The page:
Sweet Briar staying open
- Rural Virginia women’s liberal arts college Sweet Briar will not close in August, as its board announced in March.
- The New York Times reports that Virginia Attorney General Mark Herring announced an agreement Saturday calling for a new college president and board of trustees, as well as $12 million in donations from an alumnae group that formed after the closure was first announced.
- Sweet Briar will bring on at least 18 new board members as 13 step down, and the next president is expected to be Phillip C. Stone, who has experience running a small private college, formerly served on an accreditation body, and is a lawyer, according to the article.
Sweet Briar’s closing announcement at the beginning of March caused much soul-searching among the higher education community. Some questioned the future of women’s schools, others questioned the future of liberal arts schools, and still others pointed to the small, private, rural location as the key to Sweet Briar’s downfall. While the college still had an $85 million endowment, so much of it was restricted, school leaders still claimed they didn’t have the finances to keep the college open. The New York Times reports that the attorney general will free up $16 million of the endowment to help fund operations.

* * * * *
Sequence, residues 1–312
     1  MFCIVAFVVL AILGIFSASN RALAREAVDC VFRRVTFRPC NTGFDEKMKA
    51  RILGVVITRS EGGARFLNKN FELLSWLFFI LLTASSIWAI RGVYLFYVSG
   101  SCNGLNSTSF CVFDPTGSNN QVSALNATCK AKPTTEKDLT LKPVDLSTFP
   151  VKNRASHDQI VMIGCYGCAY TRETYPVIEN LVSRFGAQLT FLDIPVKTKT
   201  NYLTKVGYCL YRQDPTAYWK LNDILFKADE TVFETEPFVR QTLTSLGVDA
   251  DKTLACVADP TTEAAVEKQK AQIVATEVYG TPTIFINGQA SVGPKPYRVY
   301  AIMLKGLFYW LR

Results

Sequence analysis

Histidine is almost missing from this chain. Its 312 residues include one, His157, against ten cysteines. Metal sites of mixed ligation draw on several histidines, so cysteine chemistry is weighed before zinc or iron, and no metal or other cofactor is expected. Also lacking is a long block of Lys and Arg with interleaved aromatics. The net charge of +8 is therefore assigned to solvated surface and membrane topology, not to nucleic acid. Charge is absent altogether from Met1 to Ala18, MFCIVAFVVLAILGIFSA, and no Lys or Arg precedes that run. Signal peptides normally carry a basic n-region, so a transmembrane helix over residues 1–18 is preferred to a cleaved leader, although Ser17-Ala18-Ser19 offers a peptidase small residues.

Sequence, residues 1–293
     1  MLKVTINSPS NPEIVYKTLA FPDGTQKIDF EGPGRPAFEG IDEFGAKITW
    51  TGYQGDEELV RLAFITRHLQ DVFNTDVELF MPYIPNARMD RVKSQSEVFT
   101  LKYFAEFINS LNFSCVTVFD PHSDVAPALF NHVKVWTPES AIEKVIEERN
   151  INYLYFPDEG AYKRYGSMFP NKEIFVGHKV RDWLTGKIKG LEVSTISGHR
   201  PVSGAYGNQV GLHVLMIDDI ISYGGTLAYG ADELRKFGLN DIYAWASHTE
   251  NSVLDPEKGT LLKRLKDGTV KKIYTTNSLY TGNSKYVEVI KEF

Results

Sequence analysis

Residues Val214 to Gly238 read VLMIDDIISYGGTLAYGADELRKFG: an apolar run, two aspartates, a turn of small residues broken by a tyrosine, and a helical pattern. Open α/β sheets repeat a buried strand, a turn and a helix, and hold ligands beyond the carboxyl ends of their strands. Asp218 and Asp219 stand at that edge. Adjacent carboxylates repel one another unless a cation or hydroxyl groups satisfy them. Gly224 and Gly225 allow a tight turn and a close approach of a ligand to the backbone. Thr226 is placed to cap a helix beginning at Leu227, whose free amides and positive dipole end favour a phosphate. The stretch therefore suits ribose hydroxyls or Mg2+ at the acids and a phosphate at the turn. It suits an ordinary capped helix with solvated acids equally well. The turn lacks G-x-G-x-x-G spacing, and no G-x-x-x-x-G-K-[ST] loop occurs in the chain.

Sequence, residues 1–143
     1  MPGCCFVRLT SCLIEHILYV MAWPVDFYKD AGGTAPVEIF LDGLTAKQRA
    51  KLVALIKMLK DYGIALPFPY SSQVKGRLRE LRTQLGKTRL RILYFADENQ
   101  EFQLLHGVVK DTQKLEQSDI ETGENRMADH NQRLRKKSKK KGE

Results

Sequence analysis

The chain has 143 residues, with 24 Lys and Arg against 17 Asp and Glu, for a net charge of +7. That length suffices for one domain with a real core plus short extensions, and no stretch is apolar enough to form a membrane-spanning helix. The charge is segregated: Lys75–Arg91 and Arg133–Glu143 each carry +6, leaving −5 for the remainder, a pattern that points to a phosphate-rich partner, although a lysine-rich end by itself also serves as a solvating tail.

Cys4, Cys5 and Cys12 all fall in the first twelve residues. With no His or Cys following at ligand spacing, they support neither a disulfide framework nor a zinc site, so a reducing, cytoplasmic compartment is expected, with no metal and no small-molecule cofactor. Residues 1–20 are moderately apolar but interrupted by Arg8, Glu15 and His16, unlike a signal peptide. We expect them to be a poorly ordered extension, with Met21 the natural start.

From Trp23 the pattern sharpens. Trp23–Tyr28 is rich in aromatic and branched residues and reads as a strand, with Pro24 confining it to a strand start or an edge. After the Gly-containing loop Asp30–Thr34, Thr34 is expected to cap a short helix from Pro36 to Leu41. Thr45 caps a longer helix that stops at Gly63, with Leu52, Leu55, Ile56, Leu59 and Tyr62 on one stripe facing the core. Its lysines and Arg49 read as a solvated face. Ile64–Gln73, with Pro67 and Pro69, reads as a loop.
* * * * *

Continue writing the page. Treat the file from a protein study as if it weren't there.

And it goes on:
When donors make charitable gifts, they are allowed to limit them to certain uses and colleges are bound by those restrictions. In this case, the Virginia attorney general has the power to free Sweet Briar officials from some of the limitations.
- The New York Times Sweet Briar reaches deal to stay open
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